Tapizar, Uncle Sam Take Next Step in Sham
Over the past decade Steve Asmussen has been a dominating force in North America, especially at Churchill Downs where he has been the perennial leading trainer at the home of the Kentucky Derby (gr. I).
But other than the late-blooming Curlin , who jumped up to finish third in the 2007 Derby, Asmussen has not been a major factor in first leg of the Triple Crown. The 45–year-old trainer is hoping that will change this year and one of his promising sophomores will take his first step toward the roses when he leads a field of five in the $100,000 Sham Stakes (gr. III) Jan. 15 at Santa Anita Park.
Winchell Thoroughbreds’ Tapizar will be the likely favorite in the 1 1/16-mile Sham based off his dominating 10 1/2-length maiden victory in November at Churchill. After that score the son of Tapit was sent to California with Asmussen, who began a new experiment by taking a string of horses to Santa Anita for the first time. Tapizar has turned in a series of works there in preparation for the Sham, including a four-furlong move in :47 1/5 on Thursday, just two days before the race. In fact, that latest work was quicker than the connections were looking for.
"It was definately a little faster than we wanted," assistant Scott Blasi admitted. "That's just the way it went, but I will say he couldn't have done it any easier. I was hoping for about :50 personally, but I don't know what that would have looked like because he did so easily."
Blasi also said the recent rainy weather in Southern California played a role breezing the colt just a couple days before the race. He had been on a set work schedule every seven days for more than a month.
Tapizar, who is out of the Deputy Minister mare Winning Call, took a while to get going as a 2-year-old, losing three times before crushing maidens in the Nov. 27 race around two turns at Churchill. He earned a solid 89 Beyer Speed Figure for the win, significantly better than the 78 that Kentucky Jockey Club (gr. II) winner Santiva earned on the same day.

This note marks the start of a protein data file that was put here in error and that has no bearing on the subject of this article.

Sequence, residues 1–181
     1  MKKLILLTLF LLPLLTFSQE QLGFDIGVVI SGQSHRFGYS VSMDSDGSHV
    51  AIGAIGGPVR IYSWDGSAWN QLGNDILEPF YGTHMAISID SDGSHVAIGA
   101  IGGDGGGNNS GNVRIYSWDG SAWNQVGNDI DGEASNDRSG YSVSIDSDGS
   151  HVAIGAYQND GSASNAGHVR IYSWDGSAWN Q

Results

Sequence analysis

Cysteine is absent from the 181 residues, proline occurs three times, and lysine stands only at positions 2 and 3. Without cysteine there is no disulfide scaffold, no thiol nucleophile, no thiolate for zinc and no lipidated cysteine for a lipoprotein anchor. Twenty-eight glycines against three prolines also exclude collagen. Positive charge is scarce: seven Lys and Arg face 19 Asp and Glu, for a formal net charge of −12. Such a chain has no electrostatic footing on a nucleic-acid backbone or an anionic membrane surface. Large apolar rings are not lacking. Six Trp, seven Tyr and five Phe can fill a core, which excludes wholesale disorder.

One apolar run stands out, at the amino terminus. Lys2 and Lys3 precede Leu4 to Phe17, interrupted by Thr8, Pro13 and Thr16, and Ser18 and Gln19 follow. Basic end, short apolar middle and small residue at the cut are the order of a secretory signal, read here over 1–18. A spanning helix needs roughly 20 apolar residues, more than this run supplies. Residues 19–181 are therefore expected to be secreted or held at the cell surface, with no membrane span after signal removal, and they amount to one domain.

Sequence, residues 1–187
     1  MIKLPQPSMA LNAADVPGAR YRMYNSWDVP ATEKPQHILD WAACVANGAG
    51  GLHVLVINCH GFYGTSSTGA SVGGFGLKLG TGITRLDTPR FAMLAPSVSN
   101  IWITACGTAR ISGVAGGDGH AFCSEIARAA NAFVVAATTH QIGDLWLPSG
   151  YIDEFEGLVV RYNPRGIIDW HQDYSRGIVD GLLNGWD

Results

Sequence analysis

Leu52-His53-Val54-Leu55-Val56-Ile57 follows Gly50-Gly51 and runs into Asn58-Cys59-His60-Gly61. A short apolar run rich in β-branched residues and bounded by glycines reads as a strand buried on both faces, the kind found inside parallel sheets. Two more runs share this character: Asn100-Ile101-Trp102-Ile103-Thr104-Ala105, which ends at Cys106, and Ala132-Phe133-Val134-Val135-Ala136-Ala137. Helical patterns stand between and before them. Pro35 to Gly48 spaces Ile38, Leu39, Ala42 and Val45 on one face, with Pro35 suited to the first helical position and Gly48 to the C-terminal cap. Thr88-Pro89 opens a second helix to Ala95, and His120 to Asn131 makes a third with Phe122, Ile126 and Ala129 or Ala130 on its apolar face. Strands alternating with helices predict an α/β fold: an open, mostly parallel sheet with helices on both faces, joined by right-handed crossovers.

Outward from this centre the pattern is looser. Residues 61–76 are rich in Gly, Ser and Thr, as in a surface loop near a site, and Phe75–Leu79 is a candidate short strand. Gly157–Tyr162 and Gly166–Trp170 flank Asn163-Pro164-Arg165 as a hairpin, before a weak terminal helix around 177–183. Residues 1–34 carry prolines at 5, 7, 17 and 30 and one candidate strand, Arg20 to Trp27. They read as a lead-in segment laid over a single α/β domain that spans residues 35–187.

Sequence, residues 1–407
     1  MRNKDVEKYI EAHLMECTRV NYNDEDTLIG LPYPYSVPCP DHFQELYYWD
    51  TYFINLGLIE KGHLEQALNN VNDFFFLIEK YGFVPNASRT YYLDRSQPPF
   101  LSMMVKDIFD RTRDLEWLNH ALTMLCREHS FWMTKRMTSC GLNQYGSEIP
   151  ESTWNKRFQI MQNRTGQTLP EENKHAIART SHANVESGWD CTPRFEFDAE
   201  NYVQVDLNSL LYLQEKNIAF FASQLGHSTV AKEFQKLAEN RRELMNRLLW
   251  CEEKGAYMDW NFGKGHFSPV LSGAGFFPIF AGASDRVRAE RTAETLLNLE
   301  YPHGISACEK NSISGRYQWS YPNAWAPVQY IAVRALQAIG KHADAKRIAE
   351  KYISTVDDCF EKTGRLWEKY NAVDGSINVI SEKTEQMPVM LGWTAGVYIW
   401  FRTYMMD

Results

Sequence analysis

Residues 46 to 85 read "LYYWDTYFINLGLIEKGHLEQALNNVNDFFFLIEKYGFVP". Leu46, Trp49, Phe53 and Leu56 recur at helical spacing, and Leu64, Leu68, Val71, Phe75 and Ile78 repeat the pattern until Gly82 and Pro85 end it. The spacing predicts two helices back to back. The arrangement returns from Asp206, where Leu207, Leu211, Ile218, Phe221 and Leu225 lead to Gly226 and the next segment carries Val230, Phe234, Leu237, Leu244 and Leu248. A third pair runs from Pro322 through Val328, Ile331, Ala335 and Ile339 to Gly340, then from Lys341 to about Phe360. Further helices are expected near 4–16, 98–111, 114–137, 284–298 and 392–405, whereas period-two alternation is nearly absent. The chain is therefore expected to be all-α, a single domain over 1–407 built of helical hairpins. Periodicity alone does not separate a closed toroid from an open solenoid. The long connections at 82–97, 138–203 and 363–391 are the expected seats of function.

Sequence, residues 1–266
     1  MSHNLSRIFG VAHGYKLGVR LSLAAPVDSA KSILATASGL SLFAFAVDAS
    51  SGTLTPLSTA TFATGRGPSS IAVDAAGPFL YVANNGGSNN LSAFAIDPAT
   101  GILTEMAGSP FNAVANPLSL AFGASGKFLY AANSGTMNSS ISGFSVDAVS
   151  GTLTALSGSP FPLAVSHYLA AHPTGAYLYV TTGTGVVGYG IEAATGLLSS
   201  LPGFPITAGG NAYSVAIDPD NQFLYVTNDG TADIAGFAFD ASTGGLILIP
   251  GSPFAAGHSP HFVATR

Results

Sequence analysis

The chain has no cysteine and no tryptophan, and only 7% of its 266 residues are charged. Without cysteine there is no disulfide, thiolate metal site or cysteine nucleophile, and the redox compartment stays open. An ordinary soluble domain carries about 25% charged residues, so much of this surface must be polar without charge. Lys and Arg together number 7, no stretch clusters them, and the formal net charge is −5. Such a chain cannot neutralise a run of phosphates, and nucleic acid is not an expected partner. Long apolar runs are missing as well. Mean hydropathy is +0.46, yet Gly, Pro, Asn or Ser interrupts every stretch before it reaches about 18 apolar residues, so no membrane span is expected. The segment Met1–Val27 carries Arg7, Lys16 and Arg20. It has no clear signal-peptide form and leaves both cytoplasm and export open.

Shaun Bridgmohan rode Tapizar during his maiden score, but Garrett Gomez takes over for the Sham. They will break from post 4.
His main competition could come from another impressive maiden winner by Tapit, Uncle Sam. The bay ridgling is trained by Bob Baffert, who knows a thing or two about preparing horses for the Derby and is loaded with a number of good-looking prospects again this year. Baffert sent Uncle Sam out to a 2 3/4-length win in his Nov. 27 debut at Santa Anita. He rated just off the pace in the one-mile test before finishing up in a fast time of 1:36.28 under Rafael Bejarano.
Uncle Sam, a $210,000 yearling for Kaleem Shah, has worked once since his maiden victory. Baffert was not originally planning to run him in the Sham.
“I was looking for an allowance race for him but there wasn’t one,” he said. “I figured we’d take a chance (in the Sham) and see if he moves forward. He’s doing well and this is the next step.”
Baffert also considered running record-breaking maiden winner The Factor in the Sham but decided against it after the colt blitzed five furlongs in :58 flat last week.
“He got away,” Baffert said of The Factor. “We’re on operation slow down now. We’ll look for something in February but we want to go further with him.”
The lone entrant with stakes experience in the Sham is Clubhouse Ride, who was third in the Delta Downs Jackpot (gr. III) and CashCall Futurity to complete a juvenile campaign in which he started 10 times and won twice. The son of Candy Ride is trained by Craig Lewis and will be ridden by Pat Valenzuela.
Completing the field are Anthony's Cross, who defeated Tapizar in a Nov. 4 maiden special weight at Churchill, and Pride of Silver, who makes his dirt debut after a two-turn maiden win at Hollywood Park.
The Sham will be followed by the $250,000 Robert B. Lewis Stakes (gr. II) at nine furlongs on Feb. 12.
$100,000 Sham Stakes (gr. III, Race 3, 1:31 p.m. PST), 3YO, 1 1/16 Miles, (dirt)
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